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At a very young age, communications fascinated me. It was the late sixties after the British invasion, the cold war was going strong and shortwave radio gave a view of the world that few would agree with. All this sparked an interest in electronics which offered up amazing puzzles to solve. Much like chess, electronic components all had their own unique qualities and a malfunction caused a cascade effect.

When I was offered the chance to attend a Vo-tech while I was in High School, I jumped on it. I remember the day I saw a calculator for the first time on the bus to Vo-tech. One of my fellow students was showing us this new device that cost about $100, no small price at that time, and it could instantly add, subtract, multiply, and divide, all while displaying this magic on its glowing red LED display. He was nice enough to let us all try it and we all wanted one.

Front cover of Popular Electronics, january 1975

Not long after that Popular Electronics had a most unusual device on its front cover with LED lights and a row of switches bearing the name Altair 8080. It actually did nothing unless you flipped a bunch of switches in the proper sequence. They called it a Minicomputer and just like that, the micro-processor age had begun. Of course we all wanted one of those also!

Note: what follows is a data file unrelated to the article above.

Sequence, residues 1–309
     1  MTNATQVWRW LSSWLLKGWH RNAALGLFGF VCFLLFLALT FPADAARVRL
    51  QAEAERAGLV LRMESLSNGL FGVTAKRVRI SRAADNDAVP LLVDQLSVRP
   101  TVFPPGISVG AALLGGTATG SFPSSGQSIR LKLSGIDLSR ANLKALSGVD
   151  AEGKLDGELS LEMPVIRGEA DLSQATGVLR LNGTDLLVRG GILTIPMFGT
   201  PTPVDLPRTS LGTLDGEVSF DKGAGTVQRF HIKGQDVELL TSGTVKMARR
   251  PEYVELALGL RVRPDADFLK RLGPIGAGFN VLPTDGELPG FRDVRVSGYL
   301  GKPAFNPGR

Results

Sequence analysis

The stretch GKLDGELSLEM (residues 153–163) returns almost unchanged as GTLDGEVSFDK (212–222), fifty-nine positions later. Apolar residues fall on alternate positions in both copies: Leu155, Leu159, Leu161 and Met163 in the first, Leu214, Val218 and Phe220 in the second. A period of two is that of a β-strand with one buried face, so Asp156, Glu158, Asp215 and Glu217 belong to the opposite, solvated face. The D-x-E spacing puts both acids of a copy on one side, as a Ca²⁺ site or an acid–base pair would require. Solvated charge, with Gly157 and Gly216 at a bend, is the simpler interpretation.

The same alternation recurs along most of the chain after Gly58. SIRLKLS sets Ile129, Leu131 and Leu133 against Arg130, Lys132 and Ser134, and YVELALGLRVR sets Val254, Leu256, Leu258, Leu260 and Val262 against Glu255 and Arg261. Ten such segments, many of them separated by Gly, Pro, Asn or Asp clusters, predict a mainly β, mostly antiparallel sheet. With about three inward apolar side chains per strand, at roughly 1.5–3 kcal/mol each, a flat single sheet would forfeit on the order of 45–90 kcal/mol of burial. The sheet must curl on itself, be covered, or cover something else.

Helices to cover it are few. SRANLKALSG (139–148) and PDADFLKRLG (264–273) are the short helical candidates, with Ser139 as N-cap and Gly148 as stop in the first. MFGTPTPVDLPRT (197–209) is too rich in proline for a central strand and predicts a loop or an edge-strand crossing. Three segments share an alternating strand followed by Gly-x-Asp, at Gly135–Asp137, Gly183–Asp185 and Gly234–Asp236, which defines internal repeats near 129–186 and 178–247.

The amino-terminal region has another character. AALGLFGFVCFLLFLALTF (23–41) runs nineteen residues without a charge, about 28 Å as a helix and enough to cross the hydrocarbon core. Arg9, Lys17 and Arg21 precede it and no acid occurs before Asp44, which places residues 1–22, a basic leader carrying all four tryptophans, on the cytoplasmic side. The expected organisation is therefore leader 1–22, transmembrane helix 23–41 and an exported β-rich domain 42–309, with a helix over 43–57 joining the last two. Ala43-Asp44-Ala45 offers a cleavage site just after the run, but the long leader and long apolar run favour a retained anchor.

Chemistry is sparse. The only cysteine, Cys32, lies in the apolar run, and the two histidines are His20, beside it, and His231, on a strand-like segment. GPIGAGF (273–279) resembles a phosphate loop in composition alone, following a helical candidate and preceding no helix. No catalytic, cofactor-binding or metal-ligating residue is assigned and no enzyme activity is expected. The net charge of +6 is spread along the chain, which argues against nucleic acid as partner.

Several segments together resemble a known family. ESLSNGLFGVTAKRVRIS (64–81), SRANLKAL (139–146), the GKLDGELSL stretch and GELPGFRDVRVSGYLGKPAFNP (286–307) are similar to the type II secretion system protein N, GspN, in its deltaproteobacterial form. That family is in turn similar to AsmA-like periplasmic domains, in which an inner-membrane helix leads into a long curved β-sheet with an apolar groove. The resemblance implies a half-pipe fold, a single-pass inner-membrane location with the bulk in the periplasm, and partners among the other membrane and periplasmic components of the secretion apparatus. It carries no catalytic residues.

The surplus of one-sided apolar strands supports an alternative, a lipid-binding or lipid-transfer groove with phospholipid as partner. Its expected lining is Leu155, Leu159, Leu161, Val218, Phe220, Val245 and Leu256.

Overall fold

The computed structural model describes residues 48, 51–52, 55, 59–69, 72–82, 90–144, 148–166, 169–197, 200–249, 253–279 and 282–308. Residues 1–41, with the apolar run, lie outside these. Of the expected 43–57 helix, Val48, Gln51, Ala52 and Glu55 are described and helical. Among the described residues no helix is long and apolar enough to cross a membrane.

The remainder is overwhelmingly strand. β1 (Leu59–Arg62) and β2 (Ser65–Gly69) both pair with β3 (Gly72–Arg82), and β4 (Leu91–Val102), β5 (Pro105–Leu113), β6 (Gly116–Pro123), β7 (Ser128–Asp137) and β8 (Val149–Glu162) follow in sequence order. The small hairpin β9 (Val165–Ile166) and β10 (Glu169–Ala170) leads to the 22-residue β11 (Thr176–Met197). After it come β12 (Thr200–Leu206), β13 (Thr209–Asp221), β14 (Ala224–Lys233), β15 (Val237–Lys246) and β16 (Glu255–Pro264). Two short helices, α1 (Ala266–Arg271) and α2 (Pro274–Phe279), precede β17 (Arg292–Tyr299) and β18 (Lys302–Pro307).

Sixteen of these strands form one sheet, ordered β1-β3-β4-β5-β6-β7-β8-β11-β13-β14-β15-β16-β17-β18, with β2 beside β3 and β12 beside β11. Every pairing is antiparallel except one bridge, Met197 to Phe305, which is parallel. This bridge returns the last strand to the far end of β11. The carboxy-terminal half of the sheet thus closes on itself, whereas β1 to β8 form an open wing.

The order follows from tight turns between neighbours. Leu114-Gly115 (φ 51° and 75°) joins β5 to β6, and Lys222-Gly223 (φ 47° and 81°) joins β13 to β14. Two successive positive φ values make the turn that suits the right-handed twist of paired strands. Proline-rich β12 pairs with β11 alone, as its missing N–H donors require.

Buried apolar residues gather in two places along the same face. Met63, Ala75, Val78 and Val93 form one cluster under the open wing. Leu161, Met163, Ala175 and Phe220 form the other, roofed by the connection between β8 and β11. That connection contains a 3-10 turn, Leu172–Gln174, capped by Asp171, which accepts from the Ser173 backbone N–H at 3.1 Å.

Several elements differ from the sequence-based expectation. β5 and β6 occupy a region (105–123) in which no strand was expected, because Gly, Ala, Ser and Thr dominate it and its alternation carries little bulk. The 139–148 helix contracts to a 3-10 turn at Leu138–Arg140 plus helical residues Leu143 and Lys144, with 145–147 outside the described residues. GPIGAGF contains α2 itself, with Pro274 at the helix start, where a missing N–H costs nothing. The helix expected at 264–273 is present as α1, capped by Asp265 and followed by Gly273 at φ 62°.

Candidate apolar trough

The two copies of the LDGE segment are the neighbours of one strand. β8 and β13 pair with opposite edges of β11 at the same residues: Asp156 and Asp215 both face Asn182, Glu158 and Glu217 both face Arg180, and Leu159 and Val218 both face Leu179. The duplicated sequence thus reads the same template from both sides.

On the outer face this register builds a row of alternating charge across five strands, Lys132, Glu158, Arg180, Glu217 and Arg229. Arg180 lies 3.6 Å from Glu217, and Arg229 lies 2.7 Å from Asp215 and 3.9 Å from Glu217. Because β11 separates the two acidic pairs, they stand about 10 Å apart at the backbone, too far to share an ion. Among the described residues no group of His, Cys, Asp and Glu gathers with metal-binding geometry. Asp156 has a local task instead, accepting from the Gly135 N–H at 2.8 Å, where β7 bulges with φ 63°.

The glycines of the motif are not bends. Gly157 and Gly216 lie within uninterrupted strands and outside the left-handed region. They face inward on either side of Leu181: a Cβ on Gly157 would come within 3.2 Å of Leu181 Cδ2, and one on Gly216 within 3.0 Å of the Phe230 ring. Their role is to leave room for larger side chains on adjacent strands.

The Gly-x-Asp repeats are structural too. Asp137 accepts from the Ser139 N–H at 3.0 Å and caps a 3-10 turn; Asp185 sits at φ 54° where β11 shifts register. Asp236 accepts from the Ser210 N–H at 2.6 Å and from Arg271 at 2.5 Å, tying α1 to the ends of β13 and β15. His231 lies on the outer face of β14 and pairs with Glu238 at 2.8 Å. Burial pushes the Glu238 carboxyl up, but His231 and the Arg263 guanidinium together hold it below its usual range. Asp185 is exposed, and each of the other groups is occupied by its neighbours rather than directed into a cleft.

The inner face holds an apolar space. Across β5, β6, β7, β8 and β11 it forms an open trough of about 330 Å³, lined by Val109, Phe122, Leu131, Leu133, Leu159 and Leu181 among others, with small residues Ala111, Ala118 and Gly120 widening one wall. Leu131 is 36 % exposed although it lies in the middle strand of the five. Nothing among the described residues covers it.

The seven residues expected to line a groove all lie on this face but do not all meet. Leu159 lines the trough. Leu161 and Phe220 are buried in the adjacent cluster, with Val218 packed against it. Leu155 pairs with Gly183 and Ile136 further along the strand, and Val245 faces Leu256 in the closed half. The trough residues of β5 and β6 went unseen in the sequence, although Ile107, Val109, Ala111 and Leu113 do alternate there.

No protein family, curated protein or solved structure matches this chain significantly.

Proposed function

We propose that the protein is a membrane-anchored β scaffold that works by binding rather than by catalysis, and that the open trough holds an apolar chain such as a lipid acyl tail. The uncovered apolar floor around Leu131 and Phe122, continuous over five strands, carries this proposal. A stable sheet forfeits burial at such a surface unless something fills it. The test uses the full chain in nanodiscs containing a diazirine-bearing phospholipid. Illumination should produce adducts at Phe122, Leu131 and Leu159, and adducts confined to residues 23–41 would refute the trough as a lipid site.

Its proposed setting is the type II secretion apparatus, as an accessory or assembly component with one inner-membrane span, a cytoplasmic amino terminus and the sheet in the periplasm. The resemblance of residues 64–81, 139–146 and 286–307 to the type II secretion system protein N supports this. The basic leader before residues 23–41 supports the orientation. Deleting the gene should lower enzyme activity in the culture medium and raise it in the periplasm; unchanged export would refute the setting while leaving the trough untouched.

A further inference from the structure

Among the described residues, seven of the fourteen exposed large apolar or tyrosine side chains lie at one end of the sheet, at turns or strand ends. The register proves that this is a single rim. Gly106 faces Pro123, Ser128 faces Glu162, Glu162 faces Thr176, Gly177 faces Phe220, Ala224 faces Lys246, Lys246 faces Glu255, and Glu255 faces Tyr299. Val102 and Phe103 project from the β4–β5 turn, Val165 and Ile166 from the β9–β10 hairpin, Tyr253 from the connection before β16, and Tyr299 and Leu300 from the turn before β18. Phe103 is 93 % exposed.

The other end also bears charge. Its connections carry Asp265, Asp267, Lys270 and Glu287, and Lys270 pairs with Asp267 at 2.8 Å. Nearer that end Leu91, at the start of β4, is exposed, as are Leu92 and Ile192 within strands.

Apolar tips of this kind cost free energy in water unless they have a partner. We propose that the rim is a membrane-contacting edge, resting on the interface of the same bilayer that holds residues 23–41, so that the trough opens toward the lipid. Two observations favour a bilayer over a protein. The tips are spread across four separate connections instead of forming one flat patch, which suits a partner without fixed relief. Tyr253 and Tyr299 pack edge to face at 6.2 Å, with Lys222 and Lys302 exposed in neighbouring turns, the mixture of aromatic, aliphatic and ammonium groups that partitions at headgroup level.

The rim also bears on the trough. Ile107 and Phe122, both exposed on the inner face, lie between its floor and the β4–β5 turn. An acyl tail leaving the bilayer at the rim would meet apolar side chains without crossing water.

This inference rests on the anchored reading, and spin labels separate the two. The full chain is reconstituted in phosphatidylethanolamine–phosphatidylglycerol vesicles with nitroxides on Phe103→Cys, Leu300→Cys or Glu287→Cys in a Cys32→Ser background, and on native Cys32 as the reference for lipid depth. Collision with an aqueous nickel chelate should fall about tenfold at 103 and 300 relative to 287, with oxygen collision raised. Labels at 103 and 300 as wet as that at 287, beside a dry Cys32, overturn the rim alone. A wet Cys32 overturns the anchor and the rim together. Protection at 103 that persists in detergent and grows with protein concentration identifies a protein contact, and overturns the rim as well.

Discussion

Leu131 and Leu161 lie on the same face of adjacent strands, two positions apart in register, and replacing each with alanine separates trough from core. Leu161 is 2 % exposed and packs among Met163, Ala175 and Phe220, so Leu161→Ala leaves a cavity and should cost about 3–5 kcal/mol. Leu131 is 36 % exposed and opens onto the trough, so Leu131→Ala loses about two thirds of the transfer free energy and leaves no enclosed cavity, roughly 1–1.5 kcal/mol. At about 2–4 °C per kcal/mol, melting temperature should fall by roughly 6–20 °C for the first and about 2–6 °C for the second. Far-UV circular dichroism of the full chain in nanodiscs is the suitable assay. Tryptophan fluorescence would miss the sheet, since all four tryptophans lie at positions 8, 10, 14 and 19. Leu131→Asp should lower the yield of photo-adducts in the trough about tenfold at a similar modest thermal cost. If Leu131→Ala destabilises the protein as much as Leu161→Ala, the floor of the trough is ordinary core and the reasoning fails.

I never got to own an Altair 8080 but I do own an IBM PC-XT. I origonally bought it to prop up a second monitor and thought it would look cool. All these early computers were very expensive. The IBM PC-XT sold for around $6000 with a 10MB hard drive. That was a big heavy full height hard drive with less storage than a micro SD card today.

Two guys named Bill Gates and Paul Allen made the Altair 8080 work without having to flip a bunch of switches. They made it boot and they enabled it to operate with other devices. Although there had been large mainframe computers along with mini computers in schools, the term software was foreign to most of the general public at that point.

While software sounded interesting, radio was still my first love. Computers did not seem like communications, they were more like fancy calculators. Hardware seemed to be a lot more fun and software code looked annoying. It would be many years before I looked at software differently.

I built this offshoot website several years before I built my professional website. It is an example of a static website, unlike The-Web-Pros site that uses a content management system. Every word and element on this sub site has to be hand coded in HTML.